Water2014, 6(11), 3545-3574; doi:10.3390/w6113545 (registering DOI) - published 21 November 2014 Show/Hide Abstract
Abstract: Research to date has suggested that both individual marine species and ecological processes are expected to exhibit diverse responses to the environmental effects of climate change. Evolutionary responses can occur on rapid (ecological) timescales, and yet studies typically do not consider the role that adaptive evolution will play in modulating biological responses to climate change. Investigations into such responses have typically been focused at particular biological levels (e.g., cellular, population, community), often lacking interactions among levels. Since all levels of biological organisation are sensitive to global climate change, there is a need to elucidate how different processes and hierarchical interactions will influence species fitness. Therefore, predicting the responses of communities and populations to global change will require multidisciplinary efforts across multiple levels of hierarchy, from the genetic and cellular to communities and ecosystems. Eventually, this may allow us to establish the role that acclimatisation and adaptation will play in determining marine community structures in future scenarios.
Water2014, 6(11), 3528-3544; doi:10.3390/w6113528 - published 19 November 2014 Show/Hide Abstract
Abstract: The aim of this study is to assess the relationship between rainfall and stream flow at Broughton River in Mooroola, Torrance River in Mount Pleasant, and Wakefield River near Rhyine, in South Australia, from 1990 to 2010. Initially, we present a short term relationship between rainfall and stream flow, in terms of correlations, lagged correlations, and estimated variability between wavelet coefficients at each level. A deterministic regression based response model is used to detect linear, quadratic and polynomial trends, while allowing for seasonality effects. Antecedent rainfall data were considered to predict stream flow. The best fitting model was selected based on maximum adjusted R2 values (R2adj ), minimum sigma square (σ2), and a minimum Akaike Information Criterion (AIC). The best performance in the response model is lag rainfall, which indicates at least one day and up to 7 days (past) difference in rainfall, including offset cross products of lag rainfall. With the inclusion of antecedent stream flow as an input with one day time lag, the result shows a significant improvement of the R2adj values from 0.18, 0.26 and 0.14 to 0.35, 0.42 and 0.21 at Broughton River, Torrance River and Wakefield River, respectively. A benchmark comparison was made with an Artificial Neural Network analysis. The optimization strategy involved adopting a minimum mean absolute error (MAE).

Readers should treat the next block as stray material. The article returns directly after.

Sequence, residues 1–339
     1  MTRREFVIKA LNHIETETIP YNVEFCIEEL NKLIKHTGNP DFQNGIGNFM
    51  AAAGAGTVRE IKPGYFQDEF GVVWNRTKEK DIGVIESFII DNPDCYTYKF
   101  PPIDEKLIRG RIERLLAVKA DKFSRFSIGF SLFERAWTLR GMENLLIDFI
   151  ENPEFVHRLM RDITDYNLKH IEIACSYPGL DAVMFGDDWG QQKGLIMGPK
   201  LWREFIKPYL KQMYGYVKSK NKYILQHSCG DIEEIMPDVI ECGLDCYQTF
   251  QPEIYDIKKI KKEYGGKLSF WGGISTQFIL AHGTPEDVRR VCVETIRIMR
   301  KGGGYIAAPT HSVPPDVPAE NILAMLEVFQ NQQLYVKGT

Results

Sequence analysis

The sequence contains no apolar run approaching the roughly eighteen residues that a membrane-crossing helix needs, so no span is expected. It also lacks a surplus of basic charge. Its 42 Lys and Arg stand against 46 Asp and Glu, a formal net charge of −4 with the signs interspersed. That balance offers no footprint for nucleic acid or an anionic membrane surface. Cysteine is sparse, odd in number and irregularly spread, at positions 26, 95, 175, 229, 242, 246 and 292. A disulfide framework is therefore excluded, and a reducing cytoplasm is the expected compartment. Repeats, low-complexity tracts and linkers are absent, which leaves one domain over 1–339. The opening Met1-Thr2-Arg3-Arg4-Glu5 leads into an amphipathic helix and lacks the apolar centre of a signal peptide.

Water2014, 6(11), 3495-3527; doi:10.3390/w6113495 - published 18 November 2014 Show/Hide Abstract
Abstract: The San Pedro River originates in Sonora, Mexico, and flows north through Arizona, USA, to its confluence with the Gila River. The 92-km Upper San Pedro River is characterized by interrupted perennial flow, and serves as a vital wildlife corridor through this semiarid to arid region. Over the past century, groundwater pumping in this bi-national basin has depleted baseflows in the river. In 2007, the United States Geological Survey published the most recent groundwater model of the basin. This model served as the basis for predictive simulations, including maps of stream flow capture due to pumping and of stream flow restoration due to managed aquifer recharge. Simulation results show that ramping up near-stream recharge, as needed, to compensate for downward pumping-related stress on the water table, could sustain baseflows in the Upper San Pedro River at or above 2003 levels until the year 2100 with less than 4.7 million cubic meters per year (MCM/yr). Wet-dry mapping of the river over a period of 15 years developed a body of empirical evidence which, when combined with the simulation tools, provided powerful technical support to decision makers struggling to manage aquifer recharge to support baseflows in the river while also accommodating the economic needs of the basin.
Water2014, 6(11), 3478-3494; doi:10.3390/w6113478 - published 14 November 2014 Show/Hide Abstract